Irene LaCota, spokeswoman for It's Just Lunch, the dating website, said 56 percent of men agreed dating someone who has opposite political opinions might not make for a good long-term relationship, but it could create more passion.
However, the survey of 2,200 people from the website also found 56 percent of the women viewed that statement as false.
Most women are likely to view political differences with curiosity rather than passion and when asked what they would do if they discovered their date voted for "the other guy" in an election, 57 percent said they would politely ask them what their reasons were for voting the way they did.
Forty-seven percent of the men said they would buy a woman who voted for the opposite candidate of his choice a drink and make a toast to "differences."
The two other choices provided were less popular. Five percent of both men and women said they would challenge the date to explain why the candidate was better, and 5 percent of men and 3 percent of women chose simply to silently wonder how to get the date to change his or her opinion.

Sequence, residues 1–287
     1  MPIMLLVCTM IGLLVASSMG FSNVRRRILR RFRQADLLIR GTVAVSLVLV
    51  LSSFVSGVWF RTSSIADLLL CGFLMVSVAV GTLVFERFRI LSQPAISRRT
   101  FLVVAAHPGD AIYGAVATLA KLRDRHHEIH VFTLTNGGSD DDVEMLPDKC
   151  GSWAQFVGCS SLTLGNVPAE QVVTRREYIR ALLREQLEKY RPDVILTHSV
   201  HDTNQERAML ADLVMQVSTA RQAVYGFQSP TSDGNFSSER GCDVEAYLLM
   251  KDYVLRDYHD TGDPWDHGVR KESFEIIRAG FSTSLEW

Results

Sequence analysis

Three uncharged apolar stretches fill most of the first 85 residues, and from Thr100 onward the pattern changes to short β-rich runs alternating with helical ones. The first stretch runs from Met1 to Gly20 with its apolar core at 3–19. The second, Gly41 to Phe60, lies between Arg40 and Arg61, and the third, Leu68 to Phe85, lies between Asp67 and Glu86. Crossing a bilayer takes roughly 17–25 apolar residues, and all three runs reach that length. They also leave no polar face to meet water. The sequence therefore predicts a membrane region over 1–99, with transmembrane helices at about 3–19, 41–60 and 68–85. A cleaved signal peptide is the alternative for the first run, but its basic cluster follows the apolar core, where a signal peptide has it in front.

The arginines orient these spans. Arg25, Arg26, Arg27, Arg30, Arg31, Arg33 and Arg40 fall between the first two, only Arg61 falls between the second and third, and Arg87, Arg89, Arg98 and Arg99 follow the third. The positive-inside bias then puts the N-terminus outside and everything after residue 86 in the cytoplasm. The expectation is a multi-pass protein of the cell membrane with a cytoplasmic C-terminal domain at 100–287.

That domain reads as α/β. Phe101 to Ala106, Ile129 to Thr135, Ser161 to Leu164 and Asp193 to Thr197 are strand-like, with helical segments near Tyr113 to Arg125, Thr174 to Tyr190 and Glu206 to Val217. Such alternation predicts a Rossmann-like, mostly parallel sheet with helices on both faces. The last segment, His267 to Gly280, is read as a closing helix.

LaCota said having opposing political views is no more important than differing over any other interests. "Differences are part of what makes a relationship interesting, and help you grow," she said. "They are part of learning how to love unconditionally."
No survey details were provided.
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